First step involves manufacture of quinoxalinol. Acetic acid is reacted with chlorine to yield monochloroacetic acid and then its sodium salt (NaMCA) is prepared adding soda ash. By condensation reaction of NaMCA and O-phenylenediamine, dihydroxy quinoxalinol is obtained.
This is oxidised to give sodium salt of quinoxalinol which is isolated by adding HCl to yield quinoxalinol. Quinalphos is formed by the condensation reaction of quinoxalinol and diethyl thiophosphoryl chloride. It is further processed to obtain required purity.
Orthoaroinophenol is reacted with urea in solvent medium to get benzoxazolone, which is then chlorinated in solvent medium, and formaldehyde is added to get hydroxy methylchloro benzoxazolone (HMCB).
MCB is chlorinated using dry HCl gas to get chloromethyl ehlorobenzoxazolone (CMCB) which is extracted in methylene chloride medium. P2S5 is reacted with ethyl alcohol to get diethyl dithiophosphoric acid (DEDTP) which is neutralised with caustic soda to get sodium salt of DEDTP. This sodium salt and CMCB are reacted to get crude phosalone.
The storage levels of DDT and DDE in people in other countries have also been investigated. The levels were lowest in countries where little DDT is used, e.g. Denmark with DDT 0.6 and DDE 2.7 ppm and highest in countries such as India, DDT 16 and DDE 10 ppm, where large amounts of DDT are used in malaria eradication.
The storage of DDT in human fat is a direct function of level of intake and is lowest in meat abstainers, DDT 2.3 and DDE 3.6 ppm; and Eskimos, DDT 0.8 and DDE 2.2 ppm; whose diets contained the lowest amounts of DDT.
Volunteers given 35 mg per day orally stored DDT 281 and DDE 40 ppm, and a formulator in a DDT factory had DDT 648 and DDE 483 ppm; yet these men remained in good health. The half-life of DDT and DDE stored in humans is about 0.5 years so that in the absence of DDT intake the levels in human populations should slowly decline.
DDT and its metabolites DDE and DDD are also found in most other human tissues – blood DDT 0.0068 and DDE 0.0114 ppm, milk 0.08-0.13 ppm, adrenal glands 0.7 ppm. DDT ingested by humans is excreted slowly as 4, 4-dichlorodiphenyl acetic acid (DDA) which is present in the urine of the general U.S. population at <0.02 – 0.18 ppm. The levels of DDA in human blood and urine roughly parallel the rate of intake and can be used to monitor the exposure.
The significance of levels of DDT and its metabolites DDE and DDD in the general population is complex. Food is generally believed to contribute as much as 89% of the total intake of DDT but recent studies showing substantial fat storage of DDT in Eskimos and in institutional patients where DDT intake is very low suggest that non-dietary sources such as house dust may contribute upto 50% of the total body burden.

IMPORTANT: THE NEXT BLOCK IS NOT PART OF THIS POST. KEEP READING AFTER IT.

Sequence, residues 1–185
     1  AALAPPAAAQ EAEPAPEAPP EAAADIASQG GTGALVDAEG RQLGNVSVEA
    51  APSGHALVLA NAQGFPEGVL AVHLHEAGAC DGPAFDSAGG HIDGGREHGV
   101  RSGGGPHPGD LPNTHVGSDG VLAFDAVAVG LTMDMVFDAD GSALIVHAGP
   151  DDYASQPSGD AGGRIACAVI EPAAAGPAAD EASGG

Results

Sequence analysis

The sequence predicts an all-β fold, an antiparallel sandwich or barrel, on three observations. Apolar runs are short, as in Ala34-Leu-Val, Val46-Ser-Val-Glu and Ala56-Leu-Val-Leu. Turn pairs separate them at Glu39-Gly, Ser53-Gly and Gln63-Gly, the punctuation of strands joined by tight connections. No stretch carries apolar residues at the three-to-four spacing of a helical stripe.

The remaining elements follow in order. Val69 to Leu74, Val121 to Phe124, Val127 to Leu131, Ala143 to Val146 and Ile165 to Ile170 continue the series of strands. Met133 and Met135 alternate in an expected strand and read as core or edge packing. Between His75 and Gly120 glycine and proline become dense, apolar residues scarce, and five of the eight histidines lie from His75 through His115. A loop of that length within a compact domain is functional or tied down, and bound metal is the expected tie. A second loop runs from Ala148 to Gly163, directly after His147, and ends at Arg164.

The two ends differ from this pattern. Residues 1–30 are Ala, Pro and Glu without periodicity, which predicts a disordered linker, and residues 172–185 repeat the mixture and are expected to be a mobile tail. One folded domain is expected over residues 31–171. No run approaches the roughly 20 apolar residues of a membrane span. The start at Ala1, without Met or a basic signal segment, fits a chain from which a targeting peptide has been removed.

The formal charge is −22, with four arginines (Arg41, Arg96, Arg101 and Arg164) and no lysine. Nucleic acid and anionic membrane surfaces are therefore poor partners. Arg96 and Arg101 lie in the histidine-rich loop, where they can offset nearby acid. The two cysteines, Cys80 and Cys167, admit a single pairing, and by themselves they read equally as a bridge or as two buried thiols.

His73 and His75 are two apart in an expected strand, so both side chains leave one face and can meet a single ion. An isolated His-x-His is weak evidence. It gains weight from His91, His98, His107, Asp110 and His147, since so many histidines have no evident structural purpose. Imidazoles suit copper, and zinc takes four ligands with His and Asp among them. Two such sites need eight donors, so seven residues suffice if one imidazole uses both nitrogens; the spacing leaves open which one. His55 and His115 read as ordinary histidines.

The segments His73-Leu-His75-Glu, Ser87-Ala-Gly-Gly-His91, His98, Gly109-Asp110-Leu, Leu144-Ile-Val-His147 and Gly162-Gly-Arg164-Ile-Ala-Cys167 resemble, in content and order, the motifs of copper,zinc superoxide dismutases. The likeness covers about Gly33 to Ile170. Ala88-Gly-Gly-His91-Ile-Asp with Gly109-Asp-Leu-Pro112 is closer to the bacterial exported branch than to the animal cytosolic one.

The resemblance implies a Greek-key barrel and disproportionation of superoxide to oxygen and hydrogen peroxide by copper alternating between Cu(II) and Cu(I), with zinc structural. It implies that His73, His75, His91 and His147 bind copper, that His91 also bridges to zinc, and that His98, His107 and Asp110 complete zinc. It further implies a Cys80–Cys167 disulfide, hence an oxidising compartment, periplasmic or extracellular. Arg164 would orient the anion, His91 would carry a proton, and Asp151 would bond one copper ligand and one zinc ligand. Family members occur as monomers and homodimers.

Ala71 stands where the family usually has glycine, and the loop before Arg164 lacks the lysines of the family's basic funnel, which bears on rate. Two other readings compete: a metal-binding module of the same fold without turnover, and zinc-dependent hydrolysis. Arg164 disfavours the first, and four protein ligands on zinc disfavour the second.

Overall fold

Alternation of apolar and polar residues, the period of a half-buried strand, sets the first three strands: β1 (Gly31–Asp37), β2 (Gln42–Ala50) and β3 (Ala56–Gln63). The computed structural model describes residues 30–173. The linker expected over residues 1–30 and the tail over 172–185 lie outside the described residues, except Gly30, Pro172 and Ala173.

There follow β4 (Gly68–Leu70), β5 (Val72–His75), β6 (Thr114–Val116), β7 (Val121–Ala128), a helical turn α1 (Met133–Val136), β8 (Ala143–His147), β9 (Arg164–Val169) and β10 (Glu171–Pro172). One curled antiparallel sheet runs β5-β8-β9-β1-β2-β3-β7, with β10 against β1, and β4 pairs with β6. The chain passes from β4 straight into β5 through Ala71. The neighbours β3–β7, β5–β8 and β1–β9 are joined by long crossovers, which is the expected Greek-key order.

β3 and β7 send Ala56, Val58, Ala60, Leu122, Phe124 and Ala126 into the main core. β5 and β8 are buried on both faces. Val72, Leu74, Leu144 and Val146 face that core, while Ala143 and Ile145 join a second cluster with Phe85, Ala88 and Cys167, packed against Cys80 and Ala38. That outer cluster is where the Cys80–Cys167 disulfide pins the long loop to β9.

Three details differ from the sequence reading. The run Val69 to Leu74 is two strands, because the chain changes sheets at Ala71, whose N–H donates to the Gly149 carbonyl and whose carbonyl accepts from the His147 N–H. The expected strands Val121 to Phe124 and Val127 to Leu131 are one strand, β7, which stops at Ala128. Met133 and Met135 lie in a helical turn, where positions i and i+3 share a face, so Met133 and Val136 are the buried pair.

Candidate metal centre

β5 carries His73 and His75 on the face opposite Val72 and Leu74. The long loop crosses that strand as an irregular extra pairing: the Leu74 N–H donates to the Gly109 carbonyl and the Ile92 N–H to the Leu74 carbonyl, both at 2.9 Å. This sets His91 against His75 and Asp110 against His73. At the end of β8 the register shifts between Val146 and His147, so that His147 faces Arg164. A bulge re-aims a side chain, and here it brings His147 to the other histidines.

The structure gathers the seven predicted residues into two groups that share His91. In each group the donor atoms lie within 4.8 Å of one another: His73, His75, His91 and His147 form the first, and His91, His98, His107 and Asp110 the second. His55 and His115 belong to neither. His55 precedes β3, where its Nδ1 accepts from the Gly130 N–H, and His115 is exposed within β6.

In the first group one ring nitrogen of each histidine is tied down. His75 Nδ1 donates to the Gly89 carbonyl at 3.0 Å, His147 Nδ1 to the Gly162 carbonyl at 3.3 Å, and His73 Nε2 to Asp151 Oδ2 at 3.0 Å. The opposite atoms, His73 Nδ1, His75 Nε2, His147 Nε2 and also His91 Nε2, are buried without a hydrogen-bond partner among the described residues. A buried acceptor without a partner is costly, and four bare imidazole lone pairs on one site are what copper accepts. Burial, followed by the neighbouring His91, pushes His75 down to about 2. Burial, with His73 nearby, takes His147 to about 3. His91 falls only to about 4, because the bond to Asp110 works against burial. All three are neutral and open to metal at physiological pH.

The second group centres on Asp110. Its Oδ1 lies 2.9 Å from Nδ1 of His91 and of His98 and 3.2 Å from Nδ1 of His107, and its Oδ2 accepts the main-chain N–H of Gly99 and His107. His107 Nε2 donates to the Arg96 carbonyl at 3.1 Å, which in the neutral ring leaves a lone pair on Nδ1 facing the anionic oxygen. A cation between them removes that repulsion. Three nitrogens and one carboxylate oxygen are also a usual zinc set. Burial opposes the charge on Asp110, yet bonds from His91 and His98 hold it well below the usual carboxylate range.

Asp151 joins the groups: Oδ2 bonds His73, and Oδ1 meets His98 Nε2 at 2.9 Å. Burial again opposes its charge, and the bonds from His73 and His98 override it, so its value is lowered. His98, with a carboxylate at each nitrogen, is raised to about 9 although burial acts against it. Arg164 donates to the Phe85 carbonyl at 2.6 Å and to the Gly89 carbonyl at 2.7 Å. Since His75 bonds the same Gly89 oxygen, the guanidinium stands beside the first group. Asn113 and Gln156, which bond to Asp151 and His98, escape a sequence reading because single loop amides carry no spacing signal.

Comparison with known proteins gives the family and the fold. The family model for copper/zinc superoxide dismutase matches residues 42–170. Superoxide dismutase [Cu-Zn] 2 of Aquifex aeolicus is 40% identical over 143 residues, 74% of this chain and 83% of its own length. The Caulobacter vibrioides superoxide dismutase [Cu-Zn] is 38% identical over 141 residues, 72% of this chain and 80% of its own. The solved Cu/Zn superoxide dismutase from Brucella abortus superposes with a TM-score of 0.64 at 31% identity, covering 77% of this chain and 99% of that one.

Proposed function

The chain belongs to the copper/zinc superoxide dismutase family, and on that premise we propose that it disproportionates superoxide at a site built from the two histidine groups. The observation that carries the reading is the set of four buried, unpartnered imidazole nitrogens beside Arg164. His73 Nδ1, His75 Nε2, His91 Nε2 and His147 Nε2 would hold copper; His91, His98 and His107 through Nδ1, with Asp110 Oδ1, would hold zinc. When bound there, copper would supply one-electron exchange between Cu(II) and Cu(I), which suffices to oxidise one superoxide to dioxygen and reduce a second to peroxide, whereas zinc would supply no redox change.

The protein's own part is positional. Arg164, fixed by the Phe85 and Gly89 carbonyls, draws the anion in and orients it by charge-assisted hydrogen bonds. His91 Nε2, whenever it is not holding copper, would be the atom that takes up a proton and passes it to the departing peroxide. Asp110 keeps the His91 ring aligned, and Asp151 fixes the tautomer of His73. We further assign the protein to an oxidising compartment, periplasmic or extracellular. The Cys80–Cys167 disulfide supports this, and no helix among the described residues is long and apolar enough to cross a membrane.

The non-white population of the U.S. has significantly higher fat storage of DDT than the white population suggesting the influence of dietary factors and socio-economic factors resulting in greater use of household insecticides.
Fat storage of DDE increases with the age of the population, especially in non-whites where the level increased from 4.06 ppm in the 0-5 years category to 8.61 ppm at 41-50 years and 15.50 ppm at 90+ years.
Accumulation in States with cooler climates averaged 4.85 ppm as compared with 9.21 ppm in warmers states. There is no clear cut evidence of a sex difference in fat storage of DDT or in positive association with specific disease conditions.
Other Pesticides in Humans:
Other stable organochlorine insecticides or their stable metabolites are also found in human tissues. Surveys of the population have shown levels of these materials in fat and blood—BHC isomers—fat 0.20-0.60 ppm, blood 0.0031-0.0019 ppm, heptachlor epoxide—fat 0.10—0.24 ppm, blood 0.0008 – 0.0011 ppm.
In addition to these, pesticides demonstrated in the blood of the general population, trace levels of chlordane, toxaphene, endrin, aldrin, pentachlorophenol and 2,4-D have been found in tissues of humans with unusual occupational or accidental exposure.
Most of the other types of pesticides widely used, the organophosphorous esters, carbamates, phenoxy and benzoic-acids, triazines, ureas are less persistent in the environment than the organochlorine compounds and are rapidly metabolised by enzymes in the human liver and converted to predominately water-soluble products eliminated in the urine.
Therefore there is little evidence of fat storage of these compounds. Monitoring of the urinary content of water-soluble metabolites is a very sensitive measure of intake of such pesticides and has been studied for parathion, malathion and related organophorus esters, the carbamates carbaryl and propoxur, dintro-o-cresol, lead, arsenic and mercury.